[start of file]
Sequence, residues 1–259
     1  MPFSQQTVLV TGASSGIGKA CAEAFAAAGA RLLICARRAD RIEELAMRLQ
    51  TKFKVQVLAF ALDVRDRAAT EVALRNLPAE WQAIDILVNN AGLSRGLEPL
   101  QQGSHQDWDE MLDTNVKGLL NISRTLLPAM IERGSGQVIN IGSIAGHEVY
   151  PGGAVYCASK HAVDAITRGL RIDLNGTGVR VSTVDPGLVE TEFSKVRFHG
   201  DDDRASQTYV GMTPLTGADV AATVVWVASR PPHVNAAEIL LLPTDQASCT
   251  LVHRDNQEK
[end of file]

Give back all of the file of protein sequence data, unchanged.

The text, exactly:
Sequence, residues 1–259
     1  MPFSQQTVLV TGASSGIGKA CAEAFAAAGA RLLICARRAD RIEELAMRLQ
    51  TKFKVQVLAF ALDVRDRAAT EVALRNLPAE WQAIDILVNN AGLSRGLEPL
   101  QQGSHQDWDE MLDTNVKGLL NISRTLLPAM IERGSGQVIN IGSIAGHEVY
   151  PGGAVYCASK HAVDAITRGL RIDLNGTGVR VSTVDPGLVE TEFSKVRFHG
   201  DDDRASQTYV GMTPLTGADV AATVVWVASR PPHVNAAEIL LLPTDQASCT
   251  LVHRDNQEK